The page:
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Original Research ARTICLE Provisionally accepted The full-text will be published soon. Notify me

Front. Immunol. | doi: 10.3389/fimmu.2019.01981

Leukocyte Dynamics Reveal a Persistent Myeloid Dominance in Giant Cell Arteritis and Polymyalgia Rheumatica

  • 1University Medical Center Groningen, Netherlands

Giant cell arteritis (GCA) and polymyalgia rheumatica (PMR) are inflammatory diseases requiring long-term glucocorticoid treatment. Limited data on dynamics in leukocyte counts before, during and after treatment are available. Leukocyte counts were measured, as cellular markers of inflammation, at fixed time points in our prospectively studied cohort of pre-treatment glucocorticoid-naive GCA (N=42) and PMR (N=31) patients. Values were compared with age-matched healthy controls (HCs; N=51) and infection controls (N=16). We report that before start of treatment monocyte and neutrophil counts were higher in GCA and PMR patients than in HCs, while NK- and B-cell counts were lower. C-reactive protein (CRP) levels correlated positively with monocyte counts in GCA, and negatively with B-cell and NK-cell counts in PMR. During glucocorticoid treatment, myeloid subsets remained elevated whereas lymphoid subsets tended to fluctuate. Interestingly, erythrocyte sedimentation rate (ESR) outperformed CRP as marker for relapses in GCA. We defined stable treatment-free remission groups in both GCA and PMR. GCA patients in treatment-free remission still demonstrated elevated monocytes, neutrophils, ESR and platelets. PMR patients in treatment-free remission had normalized levels of inflammation markers,, but did have elevated monocytes, lowered CD8+ T-cell counts and lowered NK-cell counts. Finally, we showed that low hemoglobin level was predictive for long-term GC treatment in PMR. Overall, leukocyte composition shifts towards the myeloid lineage in GCA and PMR. This myeloid profile, likely induced by effects of inflammation on hematopoietic stem cell differentiation, persisted during glucocorticoid treatment. Surprisingly, the myeloid profile was retained in treatment-free remission, which may reflect ongoing subclinical inflammation.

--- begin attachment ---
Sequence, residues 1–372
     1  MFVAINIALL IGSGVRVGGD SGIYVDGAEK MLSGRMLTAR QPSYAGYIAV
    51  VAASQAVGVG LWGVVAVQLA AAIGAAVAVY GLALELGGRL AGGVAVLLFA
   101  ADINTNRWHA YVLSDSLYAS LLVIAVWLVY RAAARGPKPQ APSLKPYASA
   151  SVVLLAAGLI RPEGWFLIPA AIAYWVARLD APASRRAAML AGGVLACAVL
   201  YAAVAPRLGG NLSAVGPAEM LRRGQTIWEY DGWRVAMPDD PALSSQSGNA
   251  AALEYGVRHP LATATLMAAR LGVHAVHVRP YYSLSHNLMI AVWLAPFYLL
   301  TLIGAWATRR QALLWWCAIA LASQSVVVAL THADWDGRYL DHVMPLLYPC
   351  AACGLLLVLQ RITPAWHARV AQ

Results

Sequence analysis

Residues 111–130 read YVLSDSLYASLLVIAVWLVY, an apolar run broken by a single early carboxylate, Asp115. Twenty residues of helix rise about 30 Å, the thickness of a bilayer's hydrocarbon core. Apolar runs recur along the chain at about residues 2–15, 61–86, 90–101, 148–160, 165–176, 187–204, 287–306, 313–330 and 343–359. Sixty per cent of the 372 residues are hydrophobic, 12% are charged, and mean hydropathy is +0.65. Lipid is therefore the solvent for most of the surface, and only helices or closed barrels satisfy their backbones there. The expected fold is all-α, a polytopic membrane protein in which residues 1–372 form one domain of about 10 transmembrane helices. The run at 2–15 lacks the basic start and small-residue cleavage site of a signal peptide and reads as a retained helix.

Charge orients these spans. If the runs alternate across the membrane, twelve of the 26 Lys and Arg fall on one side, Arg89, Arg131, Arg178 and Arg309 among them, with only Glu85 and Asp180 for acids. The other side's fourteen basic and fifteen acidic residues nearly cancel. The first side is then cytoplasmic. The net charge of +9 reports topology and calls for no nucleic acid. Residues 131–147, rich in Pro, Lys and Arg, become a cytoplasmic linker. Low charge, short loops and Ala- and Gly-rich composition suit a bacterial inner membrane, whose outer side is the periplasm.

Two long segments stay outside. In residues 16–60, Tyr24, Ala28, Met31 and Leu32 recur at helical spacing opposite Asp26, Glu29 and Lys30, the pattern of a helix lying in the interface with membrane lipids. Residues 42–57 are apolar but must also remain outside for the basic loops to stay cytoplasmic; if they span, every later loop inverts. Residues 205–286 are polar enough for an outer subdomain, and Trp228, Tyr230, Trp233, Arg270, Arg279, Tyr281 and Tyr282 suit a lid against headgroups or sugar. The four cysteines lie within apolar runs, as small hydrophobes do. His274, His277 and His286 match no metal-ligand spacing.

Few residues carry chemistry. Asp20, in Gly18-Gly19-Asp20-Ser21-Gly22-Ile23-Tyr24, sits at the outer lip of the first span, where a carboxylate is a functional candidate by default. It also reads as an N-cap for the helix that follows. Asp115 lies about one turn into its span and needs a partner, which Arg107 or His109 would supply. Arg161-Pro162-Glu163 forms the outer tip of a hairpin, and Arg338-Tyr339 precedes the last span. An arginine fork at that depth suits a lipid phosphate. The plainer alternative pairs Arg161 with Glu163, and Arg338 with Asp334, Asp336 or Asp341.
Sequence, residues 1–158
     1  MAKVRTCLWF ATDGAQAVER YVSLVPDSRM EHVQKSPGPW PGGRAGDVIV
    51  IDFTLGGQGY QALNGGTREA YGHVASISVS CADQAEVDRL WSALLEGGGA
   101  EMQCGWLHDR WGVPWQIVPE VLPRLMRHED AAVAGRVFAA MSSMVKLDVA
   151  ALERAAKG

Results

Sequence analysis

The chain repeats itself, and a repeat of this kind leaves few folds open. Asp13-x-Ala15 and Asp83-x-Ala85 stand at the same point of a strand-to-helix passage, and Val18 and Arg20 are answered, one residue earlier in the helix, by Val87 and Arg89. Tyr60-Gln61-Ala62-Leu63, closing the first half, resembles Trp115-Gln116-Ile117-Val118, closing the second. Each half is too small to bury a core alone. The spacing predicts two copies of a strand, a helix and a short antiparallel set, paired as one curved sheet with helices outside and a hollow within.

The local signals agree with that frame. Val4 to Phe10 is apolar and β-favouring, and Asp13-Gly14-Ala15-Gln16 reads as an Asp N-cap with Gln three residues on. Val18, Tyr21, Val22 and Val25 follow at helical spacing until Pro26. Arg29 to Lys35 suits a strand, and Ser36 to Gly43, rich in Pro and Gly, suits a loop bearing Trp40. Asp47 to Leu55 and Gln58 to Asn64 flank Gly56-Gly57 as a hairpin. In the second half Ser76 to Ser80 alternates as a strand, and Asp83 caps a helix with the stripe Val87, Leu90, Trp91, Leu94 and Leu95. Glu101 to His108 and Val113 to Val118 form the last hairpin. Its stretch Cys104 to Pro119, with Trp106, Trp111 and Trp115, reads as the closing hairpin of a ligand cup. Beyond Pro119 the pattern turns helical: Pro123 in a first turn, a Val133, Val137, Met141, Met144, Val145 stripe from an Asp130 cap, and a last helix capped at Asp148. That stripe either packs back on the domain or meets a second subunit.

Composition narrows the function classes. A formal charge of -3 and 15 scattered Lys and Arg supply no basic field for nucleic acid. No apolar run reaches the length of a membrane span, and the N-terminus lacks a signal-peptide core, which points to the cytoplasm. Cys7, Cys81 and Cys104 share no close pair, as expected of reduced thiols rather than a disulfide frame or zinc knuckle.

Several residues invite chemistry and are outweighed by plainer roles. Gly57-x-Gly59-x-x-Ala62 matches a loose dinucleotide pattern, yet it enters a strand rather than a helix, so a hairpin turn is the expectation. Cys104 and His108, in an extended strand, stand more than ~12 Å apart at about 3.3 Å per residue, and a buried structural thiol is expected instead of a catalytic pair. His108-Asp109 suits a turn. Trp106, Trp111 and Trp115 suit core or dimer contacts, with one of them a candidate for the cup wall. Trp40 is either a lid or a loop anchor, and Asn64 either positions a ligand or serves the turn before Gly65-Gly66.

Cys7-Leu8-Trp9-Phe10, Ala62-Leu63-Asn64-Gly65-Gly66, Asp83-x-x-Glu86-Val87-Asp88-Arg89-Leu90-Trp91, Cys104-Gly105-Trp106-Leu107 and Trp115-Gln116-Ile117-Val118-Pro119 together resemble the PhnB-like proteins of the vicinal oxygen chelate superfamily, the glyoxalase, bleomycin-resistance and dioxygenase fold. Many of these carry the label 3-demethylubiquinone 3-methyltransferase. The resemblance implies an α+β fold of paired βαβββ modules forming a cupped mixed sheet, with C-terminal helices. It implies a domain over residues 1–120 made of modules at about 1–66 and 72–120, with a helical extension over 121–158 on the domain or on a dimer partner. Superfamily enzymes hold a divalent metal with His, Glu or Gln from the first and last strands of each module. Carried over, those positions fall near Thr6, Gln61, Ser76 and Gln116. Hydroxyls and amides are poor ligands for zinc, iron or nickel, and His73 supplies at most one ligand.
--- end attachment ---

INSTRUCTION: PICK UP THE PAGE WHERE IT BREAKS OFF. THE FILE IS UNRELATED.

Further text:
Keywords: Giant cell arteritis (GCA), Polymyalgia rheumatica (PMR), Vasculitis, Gluococorticoid therapy., longitudinal analysis, Treatment-free remission (TFR)

Received: 13 Mar 2019; Accepted: 05 Aug 2019.

Edited by:

Pier Luigi Meroni, Italian Auxological Institute (IRCCS), Italy

Reviewed by:

Michael Schirmer, Innsbruck Medical University, Austria
Peter M. Villiger, Department of Rheumatology, Immunology and Allergology, Bern University Hospital, Switzerland  

Copyright: © 2019 van Sleen, Graver, Abdulahad, van der Geest, Boots, Sandovici and Brouwer. This is an open-access article distributed under the terms of the Creative Commons Attribution License (CC BY). The use, distribution or reproduction in other forums is permitted, provided the original author(s) and the copyright owner(s) are credited and that the original publication in this journal is cited, in accordance with accepted academic practice. No use, distribution or reproduction is permitted which does not comply with these terms.

* Correspondence: Mr. Yannick van Sleen, University Medical Center Groningen, Groningen, Netherlands, y.van.sleen@umcg.nl